Some rush hour, take a ride on the Commonwealth Avenue Green Line as it beats a path outbound toward Brookline. Listen to the people who are standing and sitting around you. If it's the middle of winter, look at their hats. Don't be surprised if the language they are speaking is not English, or if the hats are big, black and furry. The language you hear is Russian, and the hats are most likely beaver, made in the USSR.
Your neighbors on the T are members of a growing community of Soviet immigrants, the vast majority of them Jews, who have settled in the Hub area over the past six or seven years. They are part of an on-again-off-again diaspora of Soviet Jews, whose numbers rise and fall with each chill and thaw in Soviet-American relations.
Like countless waves of immigrants before them, these newcomers face many problems: language, employment, and psychological adjustment to a new country and culture. However, these immigrants are in many ways unique. They are for the most part well educated and generally have not suffered severe economic hardship. Perhaps most importantly, they are coming from one of the most technologically advanced nations in the world, and one which at least superficially bears some resemblance to the United States.
Therefore, they must weigh the decision to leave the Soviet Union very carefully. Many of the immigrants were reluctant to face the decision of whether to emigrate. They did not relish the prospect of giving up a secure economic position, or more importantly, of leaving family and friends behind. But eventually, for widely varying reasons, they tackled the decision.
Following these years of personal psychological and mental preparation, and after receiving final permission to leave the USSR, the first physical step on the great adventure comes when Misha and Tatyana step onto the Aeroflot Ilyushin 62 airliner and wing their way over the Iron Curtain to Vienna.
There they have their first contact with the Hebrew Immigration Aid Society (HIAS), which helps with adjustment to immediate problems of life in the West and guides the immigrants on the further stages of the journey. HIAS also provides any necessary financial assistance.
The stay in Vienna lasts only eight to ten days and is a whirl of breathless activity. Responsibilities are minimal, and the limited amount of time in Austria assumes the air of a vacation, which acts as a brief respite before the serious work of building a future really begins. Limited only by finances, the immigrants tour the city of waltzes in the best style of any tourist, making the obligatory rounds of museums and parks.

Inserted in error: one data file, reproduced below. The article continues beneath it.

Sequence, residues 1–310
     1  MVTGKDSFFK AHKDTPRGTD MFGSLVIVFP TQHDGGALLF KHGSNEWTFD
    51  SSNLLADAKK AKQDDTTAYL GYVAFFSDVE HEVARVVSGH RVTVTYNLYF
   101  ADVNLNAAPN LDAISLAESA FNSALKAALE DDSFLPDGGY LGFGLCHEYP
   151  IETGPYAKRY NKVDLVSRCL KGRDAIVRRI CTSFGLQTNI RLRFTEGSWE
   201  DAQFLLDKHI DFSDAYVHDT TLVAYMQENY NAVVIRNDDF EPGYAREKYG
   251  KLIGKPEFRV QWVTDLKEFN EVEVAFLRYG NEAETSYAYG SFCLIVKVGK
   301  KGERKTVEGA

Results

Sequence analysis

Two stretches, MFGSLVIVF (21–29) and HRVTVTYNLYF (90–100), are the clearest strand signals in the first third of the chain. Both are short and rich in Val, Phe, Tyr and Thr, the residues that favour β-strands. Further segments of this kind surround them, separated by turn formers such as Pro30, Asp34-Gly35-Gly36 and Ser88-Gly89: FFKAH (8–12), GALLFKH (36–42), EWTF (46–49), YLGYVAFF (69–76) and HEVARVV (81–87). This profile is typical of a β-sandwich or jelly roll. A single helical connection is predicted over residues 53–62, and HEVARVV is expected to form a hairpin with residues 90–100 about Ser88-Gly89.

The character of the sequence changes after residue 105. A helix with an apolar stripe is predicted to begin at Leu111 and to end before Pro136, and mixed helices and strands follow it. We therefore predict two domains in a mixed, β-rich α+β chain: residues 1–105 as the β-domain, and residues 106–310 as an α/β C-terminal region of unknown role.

From Austria, the immigrants, directed by HIAS, find their way down through northern Italy to Rome. In Rome, preparations for life in the U.S. begin to take shape. Would-be immigrants spend six to eight weeks waiting for the important U.S. entry visas, during which time HIAS takes care of each family's settlement arrangements. Still, to many immigrants, the time spent in Western Europe is somehow not real. One immigrant, who left Kiev with her family two years ago, recalls that period: "Vienna was like Fantasy Island, and Italy was wonderful. We had troubles, but they were not real life; this trouble was more enjoyable. We didn't feel like our new life had started."
Where the family will live in the U.S. depends on several factors. Joanne Ivry, of Boston's Jewish Family and Children Service (JFCS) says that by far the most important consideration is the location of family and friends who may already have settled in the United States.
Karen Goldenberg, who counsels immigrants at the Brooklyn office of the Jewish Vocation Services (JVS), says, "The vast majority of people who come to Boston are coming because they have relatives or friends in the area. Boston almost exclusively takes people who have family connections."
Other considerations may also be important. The prevailing job market occasionally is a factor, although family ties or lack of them usually prevail in a conflict of blood and money. For Boston, this means a heavy influx of electronics and computer specialists, as well as professionals in other high-technology fields. Certain other factors, such as the adequacy of local English language programs, also are considered.
The immigrants usually like Boston. It is somehow like the cities, primarily Moscow and Leningrad, from which the immigrants come. Says Ivry, "Boston is also a very popular place, because the immigrants perceive it as an intellectual city." This perception, grounded in hazy information not readily available in the U S S R, is particularly attractive to those who settle in Boston, because between 60 and 70 per cent of them have professional skills.
An immigrant, no matter how well trained in his field, still faces incredible problems of adjustment. William Bliss, who has been language instructor or administrator at Brookline's Hebrew College for the past seven years, says, "The most poignant issues are the ones that prevent immigrants from realizing the long-term problems of adaptation." Bliss says these problems include the "lack of language and the need to be self-supporting."
By far the most important of these is the lack of proficiency in English. Most immigrants speak almost no English, having lacked either the motivation or the opportunity to study it in Russia. They feel the problem first in their jobs, although the personal aspects of a failure to communicate with the world are no less important. Because of the language problem, says Goldenberg, "if it is a competitive job market, it's that much more difficult for the immigrant to find work."
Often, because of the language gap, an immigrant is forced to accept a job far below his or her level of competence--the Peter Principle in reverse. The lower level of personal satisfaction of these jobs--and the lower level of pay--acts as a supreme motivation to improve language skills.